In Jacksonville, the family members of the victims of the El Faro huddle together in the first pew of the US Coast Guard Marine Board of Investigation and strain to hear every word spoken by witnesses, trying to understand the odd and complex world that governs humans once they step off land onto a ship and sail into our last true wilderness — the oceans of the world.

In this case, they strain to have explained to them the unexplainable:

How did a disjointed set of policies and laws send the crew of the El Faro to their deaths in a 40-year-old ship sailed into a Force Four storm.

They may never fully understand it. I don’t and I’ve been at this awhile.

I’ve spent thirty years writing about the sea, from an investigative standpoint. I’ve sat through two major marine boards and heard the sobs of two sets of family members — one from the SS Poet, the other from the SS Marine Electric — as they learn the particular set of tragic facts that sent their loved ones on a doomed voyage that ought never to have been undertaken.  Many of those families are my friends still today.

And it struck me again yesterday how preposterous it is that as a regular course of affairs our general news media is just not much interested in what occurs on the other two-thirds of the world that is not land.

Oh, when something happens on the ocean that then washes up on land — oil, refugees, red tides, bodies — the interest piques for awhile.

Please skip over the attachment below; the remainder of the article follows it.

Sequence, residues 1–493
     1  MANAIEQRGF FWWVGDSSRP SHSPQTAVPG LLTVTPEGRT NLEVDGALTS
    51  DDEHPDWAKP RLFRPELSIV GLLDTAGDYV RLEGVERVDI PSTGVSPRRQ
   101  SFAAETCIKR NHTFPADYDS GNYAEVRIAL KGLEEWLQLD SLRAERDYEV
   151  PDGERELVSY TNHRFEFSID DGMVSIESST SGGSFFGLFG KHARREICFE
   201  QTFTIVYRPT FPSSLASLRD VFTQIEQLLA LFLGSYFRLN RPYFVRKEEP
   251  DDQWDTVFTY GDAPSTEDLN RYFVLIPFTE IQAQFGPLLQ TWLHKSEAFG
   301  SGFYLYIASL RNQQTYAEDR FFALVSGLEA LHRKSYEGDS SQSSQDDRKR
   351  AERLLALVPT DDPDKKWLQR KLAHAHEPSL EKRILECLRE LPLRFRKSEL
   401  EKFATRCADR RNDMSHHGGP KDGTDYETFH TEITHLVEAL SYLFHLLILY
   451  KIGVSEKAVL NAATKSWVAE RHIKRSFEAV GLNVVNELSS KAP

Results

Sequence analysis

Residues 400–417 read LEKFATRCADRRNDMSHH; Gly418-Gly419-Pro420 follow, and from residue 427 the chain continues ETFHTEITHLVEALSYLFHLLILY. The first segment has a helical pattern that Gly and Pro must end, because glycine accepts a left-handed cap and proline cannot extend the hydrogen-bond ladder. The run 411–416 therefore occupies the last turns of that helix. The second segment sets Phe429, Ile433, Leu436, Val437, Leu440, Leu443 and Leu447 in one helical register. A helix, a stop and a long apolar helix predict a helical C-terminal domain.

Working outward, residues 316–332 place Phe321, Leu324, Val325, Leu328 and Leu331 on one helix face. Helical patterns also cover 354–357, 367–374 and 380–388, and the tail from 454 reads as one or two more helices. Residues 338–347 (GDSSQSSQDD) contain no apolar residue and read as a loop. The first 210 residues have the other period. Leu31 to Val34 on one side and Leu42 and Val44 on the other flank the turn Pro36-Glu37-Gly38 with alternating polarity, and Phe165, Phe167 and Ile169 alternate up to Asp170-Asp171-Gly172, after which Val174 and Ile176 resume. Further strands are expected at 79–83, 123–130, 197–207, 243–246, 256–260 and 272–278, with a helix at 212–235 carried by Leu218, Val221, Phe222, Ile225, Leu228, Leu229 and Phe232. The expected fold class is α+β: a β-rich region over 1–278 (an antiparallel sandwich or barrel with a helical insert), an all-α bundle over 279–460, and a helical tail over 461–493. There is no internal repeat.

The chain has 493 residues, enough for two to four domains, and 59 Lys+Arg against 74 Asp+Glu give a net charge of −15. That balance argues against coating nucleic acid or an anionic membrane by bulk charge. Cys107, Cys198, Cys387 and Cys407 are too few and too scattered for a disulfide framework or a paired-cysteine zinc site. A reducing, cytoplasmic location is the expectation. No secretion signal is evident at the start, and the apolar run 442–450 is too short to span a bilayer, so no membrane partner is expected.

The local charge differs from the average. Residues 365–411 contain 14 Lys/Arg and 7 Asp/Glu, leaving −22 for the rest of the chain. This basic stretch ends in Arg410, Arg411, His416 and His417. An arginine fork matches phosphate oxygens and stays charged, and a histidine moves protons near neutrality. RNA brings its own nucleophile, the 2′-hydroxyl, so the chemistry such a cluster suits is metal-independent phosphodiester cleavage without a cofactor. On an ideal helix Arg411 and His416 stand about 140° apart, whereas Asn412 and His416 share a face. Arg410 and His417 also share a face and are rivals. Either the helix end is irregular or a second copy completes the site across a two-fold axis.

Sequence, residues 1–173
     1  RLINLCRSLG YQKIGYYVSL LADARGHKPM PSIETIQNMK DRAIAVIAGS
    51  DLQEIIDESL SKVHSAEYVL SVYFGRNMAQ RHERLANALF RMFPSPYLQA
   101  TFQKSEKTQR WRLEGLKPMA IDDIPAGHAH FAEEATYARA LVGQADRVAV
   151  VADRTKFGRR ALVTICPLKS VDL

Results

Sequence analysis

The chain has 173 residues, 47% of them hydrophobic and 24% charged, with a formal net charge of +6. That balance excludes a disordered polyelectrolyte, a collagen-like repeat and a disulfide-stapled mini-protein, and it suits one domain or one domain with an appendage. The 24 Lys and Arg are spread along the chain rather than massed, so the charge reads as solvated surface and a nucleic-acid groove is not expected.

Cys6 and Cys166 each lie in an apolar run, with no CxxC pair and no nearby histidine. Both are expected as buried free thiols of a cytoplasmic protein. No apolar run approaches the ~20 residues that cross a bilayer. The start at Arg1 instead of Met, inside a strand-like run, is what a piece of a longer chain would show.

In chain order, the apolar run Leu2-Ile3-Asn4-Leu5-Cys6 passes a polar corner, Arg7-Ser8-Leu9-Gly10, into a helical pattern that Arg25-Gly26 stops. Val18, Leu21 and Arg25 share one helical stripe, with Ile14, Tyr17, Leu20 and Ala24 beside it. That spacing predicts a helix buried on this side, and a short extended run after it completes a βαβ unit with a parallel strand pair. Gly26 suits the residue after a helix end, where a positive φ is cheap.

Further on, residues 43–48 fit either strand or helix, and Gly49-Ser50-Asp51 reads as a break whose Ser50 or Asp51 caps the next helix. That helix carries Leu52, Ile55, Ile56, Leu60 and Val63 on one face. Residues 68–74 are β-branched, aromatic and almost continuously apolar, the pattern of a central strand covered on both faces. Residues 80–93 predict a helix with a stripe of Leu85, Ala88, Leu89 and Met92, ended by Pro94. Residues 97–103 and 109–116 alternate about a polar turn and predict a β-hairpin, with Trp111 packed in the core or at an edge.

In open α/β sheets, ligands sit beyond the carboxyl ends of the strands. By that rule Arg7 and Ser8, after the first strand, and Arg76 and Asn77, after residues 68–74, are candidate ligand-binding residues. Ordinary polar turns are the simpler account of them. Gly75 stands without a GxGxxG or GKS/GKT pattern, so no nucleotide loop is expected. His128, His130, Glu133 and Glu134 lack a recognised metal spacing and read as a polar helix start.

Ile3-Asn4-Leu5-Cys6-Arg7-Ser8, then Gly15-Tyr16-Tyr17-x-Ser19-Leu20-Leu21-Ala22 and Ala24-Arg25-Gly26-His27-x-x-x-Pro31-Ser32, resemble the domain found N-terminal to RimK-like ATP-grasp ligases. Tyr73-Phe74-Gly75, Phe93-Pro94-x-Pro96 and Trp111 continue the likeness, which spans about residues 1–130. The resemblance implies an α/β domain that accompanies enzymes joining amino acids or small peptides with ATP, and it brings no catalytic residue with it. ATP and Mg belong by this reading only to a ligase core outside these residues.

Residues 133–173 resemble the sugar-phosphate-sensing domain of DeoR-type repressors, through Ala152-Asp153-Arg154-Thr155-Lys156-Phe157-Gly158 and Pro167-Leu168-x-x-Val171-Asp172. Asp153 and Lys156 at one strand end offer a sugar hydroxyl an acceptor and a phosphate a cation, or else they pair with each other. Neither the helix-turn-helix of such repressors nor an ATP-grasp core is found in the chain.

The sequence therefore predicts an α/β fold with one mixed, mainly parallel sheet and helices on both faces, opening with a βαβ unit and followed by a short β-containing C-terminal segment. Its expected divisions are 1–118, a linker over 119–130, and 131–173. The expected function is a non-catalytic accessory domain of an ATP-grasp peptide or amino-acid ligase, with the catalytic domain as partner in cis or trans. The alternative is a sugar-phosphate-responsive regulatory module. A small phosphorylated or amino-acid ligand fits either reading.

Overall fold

The one exception to this rule in my prime was The Philadelphia Inquirer of the era of editor Gene Roberts.  Gene assigned me to cover the maritime beat and gave me the resources to follow the story wherever it took me.

It took me on a five year journey — and when that journey was over, the US Coast Guard cracked down on old rust buckets in its fleet, sent 70 of them to the scrapping yards, required survival suits on merchant vessels and created the now famous US Coast Rescue Swimmers service.

The one exception to this lack of coverage rule in modern times comes from the editors at The New York Times and its remarkable long-term project with the working title The Outlaw Oceans. 

To date, the series has given first hand accounts of modern day slave ships, murder at sea and the modern day conditions that make the life of an international sea farer float somewhere between feudal indenture and outright human bondage.

Ian Urbina is the author of these stories and he has risked life and limb to understand and report the issues.  The Times for its part has invested in a multi-year story on a topic that could consume a lifetime of work.

And it could save many lives in the process and help lay down new laws and policies that more fairly and justly govern the wilderness that is the sea.

It could also comfort the afflicted — the two rows of the relatives of survivors in Jacksonville trying to understand why their loved ones were sent in a 40-year-old ship into a Force Four hurricane.

In all ways, this “second wave” of maritime reporting seems already to have overtaken the first wave started by Roberts and by me.

The secret of course is to keep hammering.  At the Inquirer, I was ready to  give up hope of reforming the system at year two.

Gene Roberts advised us we had just cleared our throat on the matter. Three years later the maritime institutions acknowledge the problem and made the reforms.

Here’s to that tradition, carried on now by The Times in one of the best journalism projects, land-based or ocean-going, I’ve seen in many a day.

And here’s to all major publications and news outlets covering the other two-thirds of the world.

 

 

 

 

 

 

 

 

 

Authors need to break the habit of checking their sales ranking on Amazon.  It’s never fulfilling and you always feel guilty that you’ve succumbed to such commercial interest.